Summer 2016

In the United States thousands of bridges are in need of repair or replacement. For the construction of bridge abutments, geosynthetic-reinforced foundations can be used in addition to traditional methods. Thanks in part to the use of TenCate Mirafi® HP geotextile, substantial savings can be made in time, costs and inconvenience.
n 2013 the small town of North Haven on North Haven Island, off the coast of the state of Maine (US) began reconstruction of Beach Bridge. In 2009 this structure had deteriorated and needed to be rebuilt. The bridge provides access to a handful of seasonal homes, an important wharf for local lobstering as well as summertime swimming for tourists. 

brug maine _farm8.staticflickr.com_

The project presented several challenges. North Haven Island is about 20 kilometres from Rockland, the closest mainland connection. All construction materials and equipment had to be transported to the island by boat and barge. Significant daily tidal fluctuations affected the duration of daily construction: at high tide most of the bridge abutments would be under water. Construction had to be completed during the late winter/early spring to minimise the impact on residents, anglers and summer tourists. The retaining walls of the bridge had to withstand the potential impact from boats navigating the waterway. This led the design team to search for a more efficient solution than a typical pile-driven foundation for the bridge abutments. 

West abutment construction; east abutment demolition
Western abutment construction and eastern abutment demolition 

The answer for North Haven and the Maine Department of Transportation was a Geosynthetic Reinforced Soil-Integrated Bridge System (GRS-IBS). And for this they decided to use TenCate Mirafi® HP geotextiles. The Federal Highway Administration, a division of the United States Department of Transportation that specialises in highway transportation, has long championed GRS-IBS. The use of this reinforced soil technology is especially popular with county engineers for its time- and money-saving efficiencies. The existing bridge pier was in good shape and could be integrated into the new structure by installing lightweight concrete beams.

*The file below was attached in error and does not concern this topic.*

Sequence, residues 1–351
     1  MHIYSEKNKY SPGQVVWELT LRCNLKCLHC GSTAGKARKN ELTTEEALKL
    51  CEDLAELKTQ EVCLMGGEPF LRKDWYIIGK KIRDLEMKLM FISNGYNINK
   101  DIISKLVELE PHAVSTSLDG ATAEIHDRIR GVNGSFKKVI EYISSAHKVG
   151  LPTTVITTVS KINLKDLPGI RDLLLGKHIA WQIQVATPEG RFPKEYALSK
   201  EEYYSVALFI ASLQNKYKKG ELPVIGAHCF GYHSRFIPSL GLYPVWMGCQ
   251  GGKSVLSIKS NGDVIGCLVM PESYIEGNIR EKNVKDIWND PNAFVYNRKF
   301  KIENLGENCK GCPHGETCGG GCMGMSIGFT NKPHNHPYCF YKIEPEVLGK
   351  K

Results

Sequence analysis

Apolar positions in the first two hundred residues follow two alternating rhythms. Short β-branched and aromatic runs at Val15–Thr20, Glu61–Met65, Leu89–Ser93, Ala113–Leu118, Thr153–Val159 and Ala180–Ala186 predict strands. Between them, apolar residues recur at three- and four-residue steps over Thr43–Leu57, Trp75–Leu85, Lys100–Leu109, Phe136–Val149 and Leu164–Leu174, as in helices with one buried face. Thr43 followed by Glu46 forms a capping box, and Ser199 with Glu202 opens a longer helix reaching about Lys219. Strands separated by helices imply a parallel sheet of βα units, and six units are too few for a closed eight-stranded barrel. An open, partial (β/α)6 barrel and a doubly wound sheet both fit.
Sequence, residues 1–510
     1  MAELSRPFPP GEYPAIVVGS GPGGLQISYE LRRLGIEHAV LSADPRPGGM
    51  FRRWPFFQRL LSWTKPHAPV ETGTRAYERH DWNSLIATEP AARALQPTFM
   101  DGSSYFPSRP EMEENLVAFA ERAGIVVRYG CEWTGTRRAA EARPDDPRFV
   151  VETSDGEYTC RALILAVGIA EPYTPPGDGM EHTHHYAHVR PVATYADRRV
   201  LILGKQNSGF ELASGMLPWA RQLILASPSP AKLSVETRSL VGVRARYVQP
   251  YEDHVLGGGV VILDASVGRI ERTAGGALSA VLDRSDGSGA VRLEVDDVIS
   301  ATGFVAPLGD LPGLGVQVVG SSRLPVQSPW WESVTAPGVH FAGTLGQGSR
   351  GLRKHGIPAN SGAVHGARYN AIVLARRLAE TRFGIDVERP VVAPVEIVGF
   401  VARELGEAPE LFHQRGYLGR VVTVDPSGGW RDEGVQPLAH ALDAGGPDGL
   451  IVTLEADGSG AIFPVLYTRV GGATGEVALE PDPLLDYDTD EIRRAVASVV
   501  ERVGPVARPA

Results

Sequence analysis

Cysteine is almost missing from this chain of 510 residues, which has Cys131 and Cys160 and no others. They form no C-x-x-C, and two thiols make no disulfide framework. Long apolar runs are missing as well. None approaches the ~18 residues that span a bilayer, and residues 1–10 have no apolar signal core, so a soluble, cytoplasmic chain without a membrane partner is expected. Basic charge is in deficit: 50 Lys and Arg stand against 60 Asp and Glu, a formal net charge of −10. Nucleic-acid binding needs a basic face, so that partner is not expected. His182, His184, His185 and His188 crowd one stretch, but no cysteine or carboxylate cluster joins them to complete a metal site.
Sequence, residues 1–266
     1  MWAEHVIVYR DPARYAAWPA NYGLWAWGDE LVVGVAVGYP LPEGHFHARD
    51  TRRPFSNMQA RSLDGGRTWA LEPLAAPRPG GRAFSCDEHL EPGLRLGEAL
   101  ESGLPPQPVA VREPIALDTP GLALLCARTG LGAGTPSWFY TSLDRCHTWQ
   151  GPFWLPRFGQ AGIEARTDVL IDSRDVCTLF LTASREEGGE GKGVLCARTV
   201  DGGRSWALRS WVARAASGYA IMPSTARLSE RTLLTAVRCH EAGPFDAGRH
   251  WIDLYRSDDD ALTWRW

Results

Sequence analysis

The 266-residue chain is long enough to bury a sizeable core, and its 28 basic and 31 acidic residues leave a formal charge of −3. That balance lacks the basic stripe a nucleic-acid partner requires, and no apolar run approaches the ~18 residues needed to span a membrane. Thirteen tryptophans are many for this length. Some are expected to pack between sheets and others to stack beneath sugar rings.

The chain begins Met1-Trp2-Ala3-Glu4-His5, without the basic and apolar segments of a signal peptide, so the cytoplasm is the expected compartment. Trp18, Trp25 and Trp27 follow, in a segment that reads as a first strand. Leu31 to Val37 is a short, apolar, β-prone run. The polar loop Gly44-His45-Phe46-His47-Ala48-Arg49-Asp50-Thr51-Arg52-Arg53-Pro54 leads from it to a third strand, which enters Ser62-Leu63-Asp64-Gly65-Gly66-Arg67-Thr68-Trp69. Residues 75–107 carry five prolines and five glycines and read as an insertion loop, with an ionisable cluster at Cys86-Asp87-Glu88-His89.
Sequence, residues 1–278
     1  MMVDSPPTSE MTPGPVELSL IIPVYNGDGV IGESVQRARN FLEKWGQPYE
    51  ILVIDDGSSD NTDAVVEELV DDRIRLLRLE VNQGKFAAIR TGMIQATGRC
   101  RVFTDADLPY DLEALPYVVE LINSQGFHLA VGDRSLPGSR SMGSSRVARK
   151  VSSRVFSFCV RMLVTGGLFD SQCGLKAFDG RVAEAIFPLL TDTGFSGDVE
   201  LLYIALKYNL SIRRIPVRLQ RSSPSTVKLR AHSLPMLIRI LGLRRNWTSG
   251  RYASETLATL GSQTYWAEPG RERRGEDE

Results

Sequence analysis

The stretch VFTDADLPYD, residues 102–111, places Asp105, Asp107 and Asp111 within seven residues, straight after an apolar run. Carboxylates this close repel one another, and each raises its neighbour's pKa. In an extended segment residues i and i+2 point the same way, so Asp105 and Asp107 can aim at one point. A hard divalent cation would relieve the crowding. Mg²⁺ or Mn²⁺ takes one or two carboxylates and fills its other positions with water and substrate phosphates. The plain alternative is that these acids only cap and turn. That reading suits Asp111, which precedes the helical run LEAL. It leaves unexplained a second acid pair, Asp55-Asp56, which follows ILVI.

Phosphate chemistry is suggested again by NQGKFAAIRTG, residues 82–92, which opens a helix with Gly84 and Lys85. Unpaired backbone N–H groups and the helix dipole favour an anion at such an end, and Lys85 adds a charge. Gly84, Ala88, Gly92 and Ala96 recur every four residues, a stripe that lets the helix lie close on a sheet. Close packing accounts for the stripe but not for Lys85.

Western abutment nearing completion
The western abutment nearing completion

The limestone wall would join up well with the appearance of the natural surroundings. ‘This is located in one of the most spectacular sailing harbours along the coast of Maine’, said administrator Joe Stone. ‘It was important that the natural scenic beauty of the site should not be damaged by the bridge.’ Redi-Rock-Limestone-GRS-retaining-wall
At the tallest point the abutment walls stand at 15 feet (4.6 metres), of which 1.2 metres are buried. The original centre support no longer provides structural support, but has been retained for historical reasons 

The construction of a GRS-IBS bridge abutment is a three-step process. First, a row of blocks is put into place. Second, a layer of fill is compacted to the height of the facing blocks. Third, a layer of geotextile is extended between the rows of blocks to connect them to the GRS mass. This process is repeated until the wall height is reached. Pre-cast concrete box beams can be placed directly on the GRS abutments without a concrete footing. A GRS wall was by far the cheapest and easiest to incorporate in that type of environment. It is the first time a GRS wall has been used in a marine or tidal environment and also the first time for its use in a two-span bridge arrangement.   

TenCate Mirafi® HP is a range of geotextiles for the construction of support walls and embankments and separation, filtration and reinforcement of ground layers. In North Haven they opted for TenCate Mirafi® HP770.

Blue fabric (Tecawork Blue 65287)